Here are the basics:
Other things to consider:
You do not have to meet with anyone. Many times Bishops and Stake Presidents will completely disregard your "no contact" and call you, mail you, or even show up on your doorstep. Any request for meetings should be denied. If the Bishop or Stake President shows up on your doorstep, you can take several actions. You do not have to answer the door. You can politely tell him to please observe the no contact request and to leave immediately. Or, you can do as one Ex-Mormon did and turn the hose on them (an extreme measure and while highly satisfying, is not recommended!)
If the Bishop or Stake President contacts or visits you, this can be a very emotional time for you. If you allow them inside your house, you are giving them a level of control over you. Gather your strength together and tell them NO. Ask them to leave. Do not allow them into your homes; do not allow them to set meetings where you have to go to the local Ward or Stake centers. Physically going to meet with the Bishop or Stake President places you in Mormon surroundings again giving them a high level of control over you.
It is understandable that some of you have had long standing relationships with Bishops or Stake Presidents. Some may be neighbors or even family. These are difficult situations but you are not alone. Many thousands have gone through the exact same steps you have. Register on the Ex-Mormon Forums and post in the Name Removal/Resignation forum - and get nearly instant help from those who have already resigned.
If you are attending an LDS Church owned university including Brigham Young, BYU-Idaho (formally Ricks College) in Rexburg, ID; BYU-Hawaii in Laie, Hawaii; or the LDS Business College in Salt Lake City, UT - you should NOT resign until you have finished school - or - you have transferred to another non LDS school. If you resign/name removal while attending an LDS Church owned college - you will be denied your diploma or a transfer of your credits to another school. The LDS Church has a long history of making it extremely difficult for those who leave the Church to receive their accreditation from any of their colleges. Make sure that you have your transcript and credits transferred first - or - that you have received your diploma (if you are nearing graduation). Once you receive your diploma you are free and clear to have your name removed.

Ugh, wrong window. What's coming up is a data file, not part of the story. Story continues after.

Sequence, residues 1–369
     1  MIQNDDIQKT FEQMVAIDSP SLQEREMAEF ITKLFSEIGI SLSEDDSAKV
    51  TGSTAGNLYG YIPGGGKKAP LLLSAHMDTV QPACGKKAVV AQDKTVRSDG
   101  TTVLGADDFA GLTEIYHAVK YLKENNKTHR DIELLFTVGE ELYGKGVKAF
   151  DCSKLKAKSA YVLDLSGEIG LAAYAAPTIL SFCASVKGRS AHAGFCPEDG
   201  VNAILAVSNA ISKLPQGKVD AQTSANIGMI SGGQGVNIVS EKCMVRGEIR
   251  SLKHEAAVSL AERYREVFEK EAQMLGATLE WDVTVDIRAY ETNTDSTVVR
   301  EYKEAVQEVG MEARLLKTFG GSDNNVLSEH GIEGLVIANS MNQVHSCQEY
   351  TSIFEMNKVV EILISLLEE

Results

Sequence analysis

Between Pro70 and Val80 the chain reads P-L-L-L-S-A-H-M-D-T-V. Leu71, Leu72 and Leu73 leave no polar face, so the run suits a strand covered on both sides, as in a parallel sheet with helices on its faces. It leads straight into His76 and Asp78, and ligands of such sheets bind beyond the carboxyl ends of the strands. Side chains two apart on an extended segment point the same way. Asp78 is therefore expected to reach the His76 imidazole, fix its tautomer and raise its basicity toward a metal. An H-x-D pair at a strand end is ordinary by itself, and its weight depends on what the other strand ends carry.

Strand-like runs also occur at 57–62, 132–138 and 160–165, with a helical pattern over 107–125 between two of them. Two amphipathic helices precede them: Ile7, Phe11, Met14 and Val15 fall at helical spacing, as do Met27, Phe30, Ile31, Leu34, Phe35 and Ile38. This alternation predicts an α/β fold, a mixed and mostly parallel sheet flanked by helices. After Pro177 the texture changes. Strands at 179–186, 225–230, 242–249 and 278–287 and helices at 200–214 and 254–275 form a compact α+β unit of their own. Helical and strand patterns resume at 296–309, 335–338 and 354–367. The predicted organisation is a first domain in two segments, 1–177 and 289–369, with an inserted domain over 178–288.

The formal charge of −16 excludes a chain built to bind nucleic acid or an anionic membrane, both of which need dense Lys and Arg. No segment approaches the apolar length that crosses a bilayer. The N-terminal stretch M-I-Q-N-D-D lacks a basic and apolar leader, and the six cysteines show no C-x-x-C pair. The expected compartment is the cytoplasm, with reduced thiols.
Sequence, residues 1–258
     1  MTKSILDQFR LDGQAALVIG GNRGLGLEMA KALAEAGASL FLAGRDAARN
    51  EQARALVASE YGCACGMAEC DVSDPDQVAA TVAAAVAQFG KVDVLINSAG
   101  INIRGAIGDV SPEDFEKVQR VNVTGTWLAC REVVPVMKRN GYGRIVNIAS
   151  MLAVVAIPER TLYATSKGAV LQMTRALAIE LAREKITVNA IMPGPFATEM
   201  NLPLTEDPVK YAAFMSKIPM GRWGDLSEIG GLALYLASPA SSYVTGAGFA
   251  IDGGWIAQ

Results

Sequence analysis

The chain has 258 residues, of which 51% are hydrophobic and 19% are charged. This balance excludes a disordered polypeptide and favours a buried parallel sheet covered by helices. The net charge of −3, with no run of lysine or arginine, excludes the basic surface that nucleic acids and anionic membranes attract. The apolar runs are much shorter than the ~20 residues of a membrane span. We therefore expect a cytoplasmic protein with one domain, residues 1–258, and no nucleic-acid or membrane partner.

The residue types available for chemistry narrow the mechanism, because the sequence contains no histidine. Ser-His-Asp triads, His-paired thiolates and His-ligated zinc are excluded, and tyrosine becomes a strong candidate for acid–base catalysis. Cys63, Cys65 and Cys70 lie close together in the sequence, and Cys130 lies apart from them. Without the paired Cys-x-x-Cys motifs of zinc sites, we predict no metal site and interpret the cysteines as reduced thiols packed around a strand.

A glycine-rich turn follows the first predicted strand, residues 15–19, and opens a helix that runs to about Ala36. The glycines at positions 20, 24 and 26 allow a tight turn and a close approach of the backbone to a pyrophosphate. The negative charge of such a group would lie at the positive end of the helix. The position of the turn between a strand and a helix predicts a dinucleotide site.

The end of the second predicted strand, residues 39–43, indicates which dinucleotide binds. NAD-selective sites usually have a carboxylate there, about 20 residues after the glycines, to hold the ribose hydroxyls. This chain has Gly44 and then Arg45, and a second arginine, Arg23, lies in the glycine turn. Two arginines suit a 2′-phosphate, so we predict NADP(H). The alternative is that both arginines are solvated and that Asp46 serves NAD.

Minor children (under the age of 18) cannot legal sign anything. If you have requested on your resignation letter that your children's names are to be removed and the Bishop or Stake President states that your minor children must sign for name removal, do not acquiesce. While minor children can sign documents - and a Bishop or Stake President will demand it, your minor children do NOT have to sign. If they do not sign, however, it could delay the process.
You cannot be excommunicated. The current Church Handbook of Instructions states that any "Court Of Love" (LDS Church Courts) must be cancelled upon request for name removal.
Prior to 2005, some members were excommunicated without their knowledge rather than having their names removed. After the LDS Church was sued for this - the practice was immediately stopped.
If you are threatened with a court of love by your Bishop or Stake President, or if you receive a letter stating you must attend a court of love, contact membership records immediately by phone or by fax demanding your name be removed and that if they hold a court of love, you will sue.
If the Mormon Church holds a court and excommunicates you after you have sent your resignation letter, you have legal grounds to sue. Do not let them hold a "Court Of Love" for you - resign now.
In 1985 the Mormon Church excommunicated Norman Hancock after his submitted a letter of resignation to the church. Hancock filed an $18 million lawsuit against the church, saying a person has a right to voluntarily resign from a church. The suit was settled out of court and the settlement was sealed. An account on line reports that Hancock filed the suit himself, without the aid of a lawyer, after studying the Guinn case. The same account says that church lawyers started discussing with Hancock just how much money he wanted, but he told them he didn't want their money, that what he wanted was to have his name cleared. Church representatives agreed to change the records such that there would no longer be any record of an excommunication: the records would show that he resigned. The Hancock case shows that the church is willing to settle out of court when someone sues because the church excommunicates them after they've resigned their membership.